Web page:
UNABLE TO ACHIEVE BROAD RECOGNITION IN MY LIFETIME, I LABOURED IN OBSCURITY UNTIL MY DEATH LAST YEAR
For nearly two years the author collected phrases from the exhibition press releases she received through email, posting certain of them on Facebook in a rather unsystematic way (that is to say, when she felt like it), with only one change, that of the personal pronoun, so each statement appeared vainglorious, absurd, even tragic. She supposes the measure was if they made her laugh or gasp or used words she deplores when thinking or writing about art. The posts gathered quite a following. Some people still mention them to her, and others have asked her to look at their own press releases before circulation. These extracts have provoked laughter, disbelief (especially when performed as public readings, when she has been obliged to swear to their veracity), self-recognition, and yes, shame.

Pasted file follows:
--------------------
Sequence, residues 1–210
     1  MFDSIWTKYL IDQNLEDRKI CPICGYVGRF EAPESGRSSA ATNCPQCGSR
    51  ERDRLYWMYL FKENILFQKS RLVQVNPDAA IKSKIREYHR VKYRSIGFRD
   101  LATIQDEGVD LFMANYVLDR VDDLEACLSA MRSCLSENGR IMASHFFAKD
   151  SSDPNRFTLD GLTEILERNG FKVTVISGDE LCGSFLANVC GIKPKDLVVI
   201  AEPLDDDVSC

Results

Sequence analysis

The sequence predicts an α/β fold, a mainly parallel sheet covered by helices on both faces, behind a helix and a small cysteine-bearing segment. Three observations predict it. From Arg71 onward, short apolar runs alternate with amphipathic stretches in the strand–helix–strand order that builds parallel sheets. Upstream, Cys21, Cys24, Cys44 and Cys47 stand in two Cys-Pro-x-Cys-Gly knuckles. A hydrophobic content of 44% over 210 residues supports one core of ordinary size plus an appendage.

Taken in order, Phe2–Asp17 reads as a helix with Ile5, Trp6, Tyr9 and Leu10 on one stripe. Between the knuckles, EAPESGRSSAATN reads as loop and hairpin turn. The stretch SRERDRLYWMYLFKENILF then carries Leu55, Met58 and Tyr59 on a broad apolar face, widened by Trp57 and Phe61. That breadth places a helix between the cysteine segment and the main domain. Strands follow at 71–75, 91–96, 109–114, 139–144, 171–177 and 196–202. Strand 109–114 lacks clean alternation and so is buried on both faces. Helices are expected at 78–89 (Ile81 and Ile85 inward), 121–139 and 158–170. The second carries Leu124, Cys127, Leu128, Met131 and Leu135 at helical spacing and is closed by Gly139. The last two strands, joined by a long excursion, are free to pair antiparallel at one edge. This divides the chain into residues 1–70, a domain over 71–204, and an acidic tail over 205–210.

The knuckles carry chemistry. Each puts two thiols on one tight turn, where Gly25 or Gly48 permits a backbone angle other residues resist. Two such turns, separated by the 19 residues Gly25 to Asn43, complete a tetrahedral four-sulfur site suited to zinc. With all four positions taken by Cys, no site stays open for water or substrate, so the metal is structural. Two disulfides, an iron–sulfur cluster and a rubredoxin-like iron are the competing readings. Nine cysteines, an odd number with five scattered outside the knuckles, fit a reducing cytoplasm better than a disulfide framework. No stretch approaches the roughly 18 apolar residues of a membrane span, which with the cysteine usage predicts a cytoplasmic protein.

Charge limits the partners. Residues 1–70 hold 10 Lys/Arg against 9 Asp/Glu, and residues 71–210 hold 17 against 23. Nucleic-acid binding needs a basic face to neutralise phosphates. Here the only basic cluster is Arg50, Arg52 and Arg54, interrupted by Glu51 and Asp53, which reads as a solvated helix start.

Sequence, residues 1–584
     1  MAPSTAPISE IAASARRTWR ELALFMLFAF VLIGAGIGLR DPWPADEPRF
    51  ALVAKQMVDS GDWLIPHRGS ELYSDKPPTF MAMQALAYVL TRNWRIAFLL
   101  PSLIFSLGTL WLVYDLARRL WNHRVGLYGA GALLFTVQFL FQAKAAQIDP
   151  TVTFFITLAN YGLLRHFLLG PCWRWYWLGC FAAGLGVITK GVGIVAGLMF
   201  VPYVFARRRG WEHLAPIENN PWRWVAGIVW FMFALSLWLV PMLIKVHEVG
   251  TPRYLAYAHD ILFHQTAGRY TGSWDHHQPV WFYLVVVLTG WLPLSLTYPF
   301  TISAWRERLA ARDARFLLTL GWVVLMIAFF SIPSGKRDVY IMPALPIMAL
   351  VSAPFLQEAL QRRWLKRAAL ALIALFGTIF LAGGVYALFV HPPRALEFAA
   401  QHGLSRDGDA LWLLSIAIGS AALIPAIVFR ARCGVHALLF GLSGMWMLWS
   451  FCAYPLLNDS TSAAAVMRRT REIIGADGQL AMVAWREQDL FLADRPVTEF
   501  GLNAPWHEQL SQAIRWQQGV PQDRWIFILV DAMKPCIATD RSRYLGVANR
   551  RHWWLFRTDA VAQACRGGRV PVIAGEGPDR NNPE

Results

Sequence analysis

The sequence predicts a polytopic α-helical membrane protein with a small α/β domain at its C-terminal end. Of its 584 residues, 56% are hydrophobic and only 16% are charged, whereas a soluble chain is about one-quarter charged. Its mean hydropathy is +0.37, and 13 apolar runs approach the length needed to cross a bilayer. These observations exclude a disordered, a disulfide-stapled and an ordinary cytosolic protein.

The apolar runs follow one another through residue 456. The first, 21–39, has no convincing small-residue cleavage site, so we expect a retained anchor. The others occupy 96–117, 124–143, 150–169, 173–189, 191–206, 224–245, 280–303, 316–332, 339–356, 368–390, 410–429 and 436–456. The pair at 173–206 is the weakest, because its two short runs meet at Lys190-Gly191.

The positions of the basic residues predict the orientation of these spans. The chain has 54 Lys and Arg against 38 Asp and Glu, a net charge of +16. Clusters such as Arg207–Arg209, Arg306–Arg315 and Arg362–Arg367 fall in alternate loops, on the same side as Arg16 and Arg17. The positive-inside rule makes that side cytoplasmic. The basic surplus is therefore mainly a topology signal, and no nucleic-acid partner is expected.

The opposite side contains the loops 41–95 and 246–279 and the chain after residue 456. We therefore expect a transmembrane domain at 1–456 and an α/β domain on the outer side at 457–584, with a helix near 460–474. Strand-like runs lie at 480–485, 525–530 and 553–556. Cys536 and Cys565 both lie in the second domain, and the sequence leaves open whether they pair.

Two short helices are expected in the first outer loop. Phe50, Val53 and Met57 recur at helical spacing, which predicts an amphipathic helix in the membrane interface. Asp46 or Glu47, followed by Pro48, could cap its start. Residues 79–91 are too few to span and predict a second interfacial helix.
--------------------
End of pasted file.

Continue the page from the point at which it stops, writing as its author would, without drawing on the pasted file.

She had only three rules:
1) She would not quote the press release of anyone she knows (certainly she could have done—she must admit that both a friend and someone she dislikes intensely have slipped in, and she fervently hopes neither ever reads this book); 2) She would not alter anything except the pronoun (this is largely true; however, for this book, she corrected some errors of punctuation and spelling, changed spellings to their English form, and employed her beloved Oxford comma); and 3) She would not use anything the artist had written (this, too, is true, save for one exception that was too wonderful not to include).
Finally, she gathered a collection of endorsements, some along the way, others when she indicated this work was done. She is still alive and she continues to labour in obscurity.